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I think it comes into the category of "be careful what you wish for" plants. Like oriental poppies and forgetmenots.
Still, I suppose if you have a spot where nothing else will grow, Bill Wallis is the man to fill it.
Btw, are you from north America or do you really grow it in a yard? It would be tough enough I suppose.
Sorry for the Americanism, Didn't mean to say that really because it is growing in my lawn. Watching too much US tv.
The entry in my Hardy Geranium book says:
G. pyrenaicum 'Bill Wallis.' Dark bluish purple. Very pretty, but is capable of spreading like a weed. The name is often misspelled 'Bill Wallace.'
I believe it spreads by scattering an enormous amount of seed, which germinate and grow quickly steamrollering other plants in the garden. Therefore have to be careful where you plant it if you allow it into your garden.
lovely story Ian. Thanks for sharing it. I love to hear how plants come by their names.
What a smashing post. I was given this plant in return for some others I had passed on. I love it, it frothed about with its lititle purple blue flowers in a cool corner. It has self seeded a little but no way is it a problem for me. I've never seen it any where in the NE. Thanks Ian for posting.
Lovely to know the origins and also to know the traditions of this geranium still follow on, thank you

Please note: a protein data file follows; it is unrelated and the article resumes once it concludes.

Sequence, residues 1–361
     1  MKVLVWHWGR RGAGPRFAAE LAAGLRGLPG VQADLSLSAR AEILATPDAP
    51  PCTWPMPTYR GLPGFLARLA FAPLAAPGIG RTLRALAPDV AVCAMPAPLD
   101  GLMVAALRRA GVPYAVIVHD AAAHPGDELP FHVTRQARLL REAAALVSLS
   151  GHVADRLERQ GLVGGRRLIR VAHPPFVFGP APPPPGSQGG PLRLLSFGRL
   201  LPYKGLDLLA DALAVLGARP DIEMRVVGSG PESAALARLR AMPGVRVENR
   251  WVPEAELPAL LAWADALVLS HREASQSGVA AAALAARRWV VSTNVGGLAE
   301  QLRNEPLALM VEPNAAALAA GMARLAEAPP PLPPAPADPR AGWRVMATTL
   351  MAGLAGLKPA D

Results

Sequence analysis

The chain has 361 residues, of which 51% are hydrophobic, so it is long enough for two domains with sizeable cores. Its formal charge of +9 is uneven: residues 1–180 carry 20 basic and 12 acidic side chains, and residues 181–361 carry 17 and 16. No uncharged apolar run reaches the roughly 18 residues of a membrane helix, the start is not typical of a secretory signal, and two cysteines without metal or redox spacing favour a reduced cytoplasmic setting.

Thanks Ian for the information . Enjoyed it
Bill Wallis was my gardening friend and mentor, offering to take me on as an apprentice at the nursery garden in Buckden to teach me propagation - which he did while lovely Beryl looked after us. We enjoyed working together so much we became the Useful Plant Company until Bill's death. He was a huge influence and was so generous with his knowledge - and we had enormous fun. Bill grew the kind of beautiful plants it was hard to find in those days and he had already found Geranium Bill Wallis in a neighbour's garden as a chance seedling. It was an enormously popular plant with our customers. It is a modest but very floriferous version of its wildling parents, self contained and neat in habit with larger, deeper coloured flowers and no tendency to fling itself about. Bill liked flowers that derived from our native wild flowers and was very interested in conservation as well and gardening. G. Bill Wallis does self seed but is never a nuisance as some inferior version sold by nurseries can be. You can usually spot an inferior version by the larger, red tinged centre to the plant, longer sprawling stems with quite small flowers. I still have the original but only by getting some new plants from our friend and fellow nurseryman Joe Sharman, who has original seedlings obtained from the Useful Plant Compnay at his Monksilver Nursery.
I was privileged to know Bill, he was an inspiration and true friend and I am pleased to know the garden is still in the family. I send my best wishes. I garden in Norfolk now and am a member of the RHS's Herbaceous Committee. Thank you Bill and Beryl.
Fascinating - thank you Sue
Oh wow! What fantastic posts. Lovely plant, too, always welcome in my garden.
Very enjoyable and imformative thread. I know Rosewarne very well Ian.